And, we're officially caught up.  Bring on November!

Monday, September 15, 2014

First Day of School 2014-2015

It's a big day for the Ts.  The kids go back to school after summer break.  Pete goes back to work after 3 1/2 weeks off.  My mom arrives in Luxembourg.  And our 3-week-old nephew is having heart surgery back in Oregon.

The truth is, I'm behind on posts and may or may not go back and catch up.  Yet I know from blogging here for 6 years that I need to just start from today and see what happens with the back-posts.  If I wait until I'm chronological, I'm doomed.

So meanwhile, all my best to these 4 loves today (+my mom)

Sunday, August 31, 2014

French Schoolwork (2nd Grade)

Here we are for another mind-numbingly boring (strangely fascinating?) post on the wonderful world of Luxembourg schools.  The new school year begins for Luxembourg public schools in two weeks, but I'm attempting a quick catch-up on last year in the meantime.  

Another degree of difficulty was added the second semester of 2nd grade, as Daphne began learning French.  This was on top of Luxembourgish, German, and continuing her native English at home.

Here's a quick recap of the public school system as it relates to language learning:

Cycle 1:

Age 3-4: one year of optional preschool
Speaking: Luxembourgish only
Reading/Writing: minimal

Age 4-6: two years of mandatory "play school" (kindergarten)
Speaking: Luxembourgish only
Reading/Writing: printing the Luxembourgish/German alphabet

Cycle 2:

Primary School Year One (like US 1st grade)
Speaking: Luxembourgish + German
Reading/Writing: German

Primary School Year Two (like US 2nd grade)
Speaking: Luxembourgish + German + French (intro'd 2nd half)
Reading/Writing: German + French (intro'd 2nd half)

And here's what our kids have completed thus far:
James: 1.5 months of preschool, 2 years of play school (completed Cycle 1)
Daphne: 1.5 months of play school, 2 years of primary school (completed Cycle 2)

She likes to study her French vocabulary words by covering up one side, just like for German
In contrast to German, which was fast and furious from the beginning of first grade, French is added to the mix at a much slower pace.  This makes sense, since the kids are continuing their concurrent work in German.  The French vocabulary is added topically versus alphabetically, and the approach seems a bit simpler, less intense, and even more "fun."

Perhaps it just seems fun because I'm comparing it to my own French classes (not so fun).  But that's a story for another day...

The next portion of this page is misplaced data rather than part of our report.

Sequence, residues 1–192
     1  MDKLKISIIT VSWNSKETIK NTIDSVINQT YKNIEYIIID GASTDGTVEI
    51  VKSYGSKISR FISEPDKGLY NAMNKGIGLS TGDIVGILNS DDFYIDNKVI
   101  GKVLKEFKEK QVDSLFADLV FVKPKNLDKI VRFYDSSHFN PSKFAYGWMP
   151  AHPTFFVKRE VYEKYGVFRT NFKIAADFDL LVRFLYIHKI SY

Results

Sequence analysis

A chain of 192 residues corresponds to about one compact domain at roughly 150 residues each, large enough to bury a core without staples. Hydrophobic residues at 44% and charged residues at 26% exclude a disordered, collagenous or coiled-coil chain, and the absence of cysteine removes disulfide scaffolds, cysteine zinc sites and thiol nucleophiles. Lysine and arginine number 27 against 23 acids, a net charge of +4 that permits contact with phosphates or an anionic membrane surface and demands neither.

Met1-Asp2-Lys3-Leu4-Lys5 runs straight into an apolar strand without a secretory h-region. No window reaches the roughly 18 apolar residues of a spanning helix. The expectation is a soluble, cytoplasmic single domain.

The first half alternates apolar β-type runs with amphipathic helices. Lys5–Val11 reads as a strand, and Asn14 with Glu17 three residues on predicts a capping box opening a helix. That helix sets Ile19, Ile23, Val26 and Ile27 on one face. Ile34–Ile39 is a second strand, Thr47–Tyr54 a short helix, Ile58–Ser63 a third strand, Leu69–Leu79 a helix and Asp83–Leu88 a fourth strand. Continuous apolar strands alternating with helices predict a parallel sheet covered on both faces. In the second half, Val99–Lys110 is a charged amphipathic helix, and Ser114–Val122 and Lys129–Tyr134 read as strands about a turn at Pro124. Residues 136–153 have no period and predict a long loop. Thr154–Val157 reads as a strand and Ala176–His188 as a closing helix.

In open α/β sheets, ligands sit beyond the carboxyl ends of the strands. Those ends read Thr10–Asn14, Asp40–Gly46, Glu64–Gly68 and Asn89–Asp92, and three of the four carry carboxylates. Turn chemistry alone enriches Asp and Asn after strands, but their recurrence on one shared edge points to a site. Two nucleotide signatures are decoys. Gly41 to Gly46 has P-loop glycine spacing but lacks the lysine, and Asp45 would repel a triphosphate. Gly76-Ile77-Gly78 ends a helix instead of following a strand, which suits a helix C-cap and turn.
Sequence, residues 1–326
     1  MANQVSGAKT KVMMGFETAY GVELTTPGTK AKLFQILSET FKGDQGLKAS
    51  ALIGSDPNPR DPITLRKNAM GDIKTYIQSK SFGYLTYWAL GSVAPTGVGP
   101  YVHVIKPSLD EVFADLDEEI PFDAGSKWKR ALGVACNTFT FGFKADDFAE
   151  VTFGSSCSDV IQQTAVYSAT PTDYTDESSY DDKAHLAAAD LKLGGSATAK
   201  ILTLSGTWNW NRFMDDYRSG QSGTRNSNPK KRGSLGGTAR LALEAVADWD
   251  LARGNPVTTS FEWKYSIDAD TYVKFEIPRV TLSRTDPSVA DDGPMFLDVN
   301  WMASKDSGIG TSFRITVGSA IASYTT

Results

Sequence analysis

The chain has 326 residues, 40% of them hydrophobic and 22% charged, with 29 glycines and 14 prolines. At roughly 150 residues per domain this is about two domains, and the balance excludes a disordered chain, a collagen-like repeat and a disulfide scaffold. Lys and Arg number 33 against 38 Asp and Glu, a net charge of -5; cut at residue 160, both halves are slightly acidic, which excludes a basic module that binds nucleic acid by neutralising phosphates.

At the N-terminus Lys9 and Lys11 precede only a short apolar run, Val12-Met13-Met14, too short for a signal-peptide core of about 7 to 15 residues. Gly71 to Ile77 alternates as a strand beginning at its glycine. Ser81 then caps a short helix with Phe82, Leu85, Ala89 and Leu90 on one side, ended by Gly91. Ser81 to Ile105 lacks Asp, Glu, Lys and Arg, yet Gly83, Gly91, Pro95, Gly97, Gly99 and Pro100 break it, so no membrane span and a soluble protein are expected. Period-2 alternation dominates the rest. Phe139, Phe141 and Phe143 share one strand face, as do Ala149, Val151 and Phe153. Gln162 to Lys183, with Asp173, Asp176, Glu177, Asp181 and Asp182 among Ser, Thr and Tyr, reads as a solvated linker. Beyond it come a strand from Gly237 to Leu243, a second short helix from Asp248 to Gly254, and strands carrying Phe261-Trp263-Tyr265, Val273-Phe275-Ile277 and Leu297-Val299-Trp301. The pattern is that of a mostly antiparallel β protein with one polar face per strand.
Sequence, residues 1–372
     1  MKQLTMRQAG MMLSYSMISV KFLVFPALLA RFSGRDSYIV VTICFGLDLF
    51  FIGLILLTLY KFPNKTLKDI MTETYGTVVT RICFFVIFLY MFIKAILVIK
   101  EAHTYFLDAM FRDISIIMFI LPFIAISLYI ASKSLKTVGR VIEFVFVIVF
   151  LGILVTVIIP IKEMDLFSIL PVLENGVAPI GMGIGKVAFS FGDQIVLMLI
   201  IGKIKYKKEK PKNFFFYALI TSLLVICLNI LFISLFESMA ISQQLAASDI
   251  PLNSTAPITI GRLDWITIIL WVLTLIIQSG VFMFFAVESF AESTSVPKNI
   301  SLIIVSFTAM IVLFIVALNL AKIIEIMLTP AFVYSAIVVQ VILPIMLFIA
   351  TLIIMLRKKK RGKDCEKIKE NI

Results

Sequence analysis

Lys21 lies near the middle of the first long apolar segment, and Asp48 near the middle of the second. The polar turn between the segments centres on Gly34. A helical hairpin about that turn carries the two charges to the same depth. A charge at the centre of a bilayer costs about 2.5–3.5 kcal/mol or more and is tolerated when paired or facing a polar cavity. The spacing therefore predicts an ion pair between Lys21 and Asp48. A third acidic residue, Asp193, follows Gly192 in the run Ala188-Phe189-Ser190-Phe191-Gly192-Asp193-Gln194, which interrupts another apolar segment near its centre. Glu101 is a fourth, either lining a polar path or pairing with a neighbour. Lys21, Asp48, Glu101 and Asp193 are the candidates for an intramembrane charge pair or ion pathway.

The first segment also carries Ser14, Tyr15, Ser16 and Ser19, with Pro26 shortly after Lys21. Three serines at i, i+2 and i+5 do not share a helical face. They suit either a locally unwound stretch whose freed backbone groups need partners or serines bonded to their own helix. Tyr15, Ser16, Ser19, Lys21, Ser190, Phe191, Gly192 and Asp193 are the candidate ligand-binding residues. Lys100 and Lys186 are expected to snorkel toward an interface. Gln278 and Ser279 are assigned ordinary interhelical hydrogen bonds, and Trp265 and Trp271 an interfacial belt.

Her textbook was a thin paperback, with a younger, more basic feel than her first German texts.

It's from 1986.  Her teacher told me she had the same one when she was Daphne's age

Initial vocabulary topics include food, clothing, toys, and school items.
 There is quite a bit of cutting and gluing involved.

Which toys are feminine and which are masculine? Daphne calls this "doing the der/die/das in French."  Crazy, right?
classifying nouns
cats and mice are a theme
And they memorize songs and short poems, just like for German.
tra la la
days of the week
She especially liked this little rhyme because she's been to Colmar!
Throw in some preposition work and they're getting close to full sentences....
on, in, under, behind, etc.
And here are a couple of writing samples...
Making sentences with "c'est" isn't too difficult.  It's remembering to pronounce it "say" not "sest" that's tricky when you've been learning to read in German and English!
unscramble (aka thank goodness for pictures)
Anyway, so far so good for Daphne in French, but we'll see how things go this year when the pace picks up.  As it turns out, all of Daphne's classmates already understood and/or spoke some French before they began officially learning it in school this year.  French is the most commonly spoken language in the city, particularly among foreigners (which most of Daphne's classmates are!).  This does make me wonder if all this "kiddy French" is a bit boring for the rest of the kids.  Still, if there's one thing Luxembourg schools do well, it's teach multiple languages to multiple nationalities.  So we'll give them the benefit of the doubt for now.

In theory, I can actually help my daughter with French.  But we all know the way these things go; it won't be long before she surpasses me.  Ah, to be eight years old again.  Can't I just go to her class???

Here are some other nerdy-school posts: